EkStop: Big Fraud & Scamming Customers

I recently saw an offer on EkStop which said product B (worth ₹. X) free with product A. I ordered (ORD523777) for product A, along with a few more. At the time of delivery I only received product A, and another product similar to B, and only worth ₹ Y (Y < X/3). This I believe is cheating the customer, if you say you would give product B worth ₹ X, you are bound to provide the same, you can’t send product C worth ₹ Y (Y < X/3). I have purposely used X & Y, so that the values (low or high being subjective) of  goods don’t diminish the fraud going around.

On posting a complaint (##12157##, 5th October), I got a response, on 6th October, saying I would be credited with the balance amount. I waited for a two full weeks nothing happened, so I sent another response on 19th October. This time they credit Eks points to my account, but only worth ₹ X/2-Y, claiming

“We present you half of the offer product amount in Eks points. For any offer which we offer to our customer and not get delivered or some other issue we refund them half of the offer amount in Eks points.”

This was unacceptable, you can’t sell a product with an offer, and then not honor that offer as well as be unwilling to refund for return. The customer should at least have an option to either the take the alternative offer and get refund and return goods. Big fraud going on at EkStop in my opinion.

Let’s take an example to understand this scam. Assume they have an offer which says, buy onions worth ₹ 1000 and get Tomatoes worth ₹ 200 free. But at the time of delivery, you actually get free ketchup worth ₹ 80. And if you bother to complain, and follow up, you get credited ₹ 20 and that too in Eks points. Look at the very convenient math scam here, even while they credit half amount, they don’t do (200-80)/2 = ₹ 60, they try to squeeze as much money as possible from their so called valued customers and do (200/2-80) = ₹ 20, not to mention the fatter margin they have on ketchup over raw tomatoes.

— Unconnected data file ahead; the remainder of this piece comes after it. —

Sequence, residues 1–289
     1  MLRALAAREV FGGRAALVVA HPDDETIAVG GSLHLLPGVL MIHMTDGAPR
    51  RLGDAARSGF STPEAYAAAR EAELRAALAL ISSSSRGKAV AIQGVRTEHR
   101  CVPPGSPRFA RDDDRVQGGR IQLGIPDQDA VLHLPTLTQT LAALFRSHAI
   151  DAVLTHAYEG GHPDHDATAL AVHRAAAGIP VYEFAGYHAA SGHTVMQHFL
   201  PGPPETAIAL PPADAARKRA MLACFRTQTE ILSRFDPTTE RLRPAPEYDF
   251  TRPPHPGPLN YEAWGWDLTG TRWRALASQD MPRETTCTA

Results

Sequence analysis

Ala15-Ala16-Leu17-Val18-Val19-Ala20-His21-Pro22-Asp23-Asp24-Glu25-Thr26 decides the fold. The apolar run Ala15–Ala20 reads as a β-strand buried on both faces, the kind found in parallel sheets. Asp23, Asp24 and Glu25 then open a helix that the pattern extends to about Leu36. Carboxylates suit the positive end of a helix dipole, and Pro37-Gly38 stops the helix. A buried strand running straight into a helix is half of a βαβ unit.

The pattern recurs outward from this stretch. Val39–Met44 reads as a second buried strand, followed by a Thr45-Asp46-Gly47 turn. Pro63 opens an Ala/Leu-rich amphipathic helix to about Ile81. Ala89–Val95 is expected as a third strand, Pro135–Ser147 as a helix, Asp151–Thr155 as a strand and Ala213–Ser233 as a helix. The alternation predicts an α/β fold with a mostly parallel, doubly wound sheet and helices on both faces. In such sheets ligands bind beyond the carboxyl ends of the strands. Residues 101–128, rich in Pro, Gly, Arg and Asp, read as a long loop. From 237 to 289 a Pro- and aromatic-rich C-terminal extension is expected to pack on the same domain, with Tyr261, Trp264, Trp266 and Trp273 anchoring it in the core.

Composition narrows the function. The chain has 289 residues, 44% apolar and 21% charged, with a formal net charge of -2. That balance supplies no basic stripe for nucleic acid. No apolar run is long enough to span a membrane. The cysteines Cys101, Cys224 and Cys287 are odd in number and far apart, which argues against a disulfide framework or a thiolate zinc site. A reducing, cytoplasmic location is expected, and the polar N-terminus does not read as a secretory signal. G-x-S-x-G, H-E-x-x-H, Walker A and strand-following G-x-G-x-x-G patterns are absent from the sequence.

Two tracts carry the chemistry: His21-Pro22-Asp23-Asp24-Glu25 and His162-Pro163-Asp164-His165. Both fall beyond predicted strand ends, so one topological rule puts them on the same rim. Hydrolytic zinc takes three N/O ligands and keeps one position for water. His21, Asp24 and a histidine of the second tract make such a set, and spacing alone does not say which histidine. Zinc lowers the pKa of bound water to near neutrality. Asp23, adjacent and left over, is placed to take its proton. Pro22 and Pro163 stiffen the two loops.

My demands were very reasonable, either give me what you promised to give, or take back what you instead provided and give my money back. They instead just want to loot customers by posing fake offers and then not honoring the offer. Checking their terms @ http://www.ekstop.com/TermsOfUse.aspx I do not see any mention of half value credit points for non-availability of offer.

In another instance, although I never placed a formal complaint for this, for my ORD518254, the delivery time slot I had chosen was Oct 1 (or may have been 2 or 3) time 10PM-12AM. I get a call from their delivery guy at 6-7PM, I could not receive that and called back a few minutes later, he was calling to check if he could deliver at 7PM instead. I did not mind that, but the delivery guy had left for the next delivery and said he would instead deliver at the initially agreed slot of 10PM-2AM, which worked for me and we agreed and I told him we would be available at the said time. But the delivery did not happen that day, next day I get an email stating the delivery has been rescheduled for Oct 6! And why? Apparently I did not respond to their call!!! I agree I did miss their call at 7PM, but that wasn’t the agreed time slot anyway, and I courteously called the delivery person back and confirmed my availability for the agreed time slot. If EkStop can’t make a delivery, they should own up, apologize and provide delivery immediately the next day. Instead they choose to blame the customer for no fault of his own, and reschedule the delivery for a week later! This also wasn’t my first order, so they had delivered before and knew I was genuine customer and the delivery address was genuine, I see no reason to not come to my doorsteps and try to deliver. If I had to guess, it was the start of a long weekend and the city witnessed massive jams that night, this might have caused the failure to deliver. I would have appreciated if they had owed up to the real reason, and not blame me for their misdoings, and provide me delivery the immediate next day.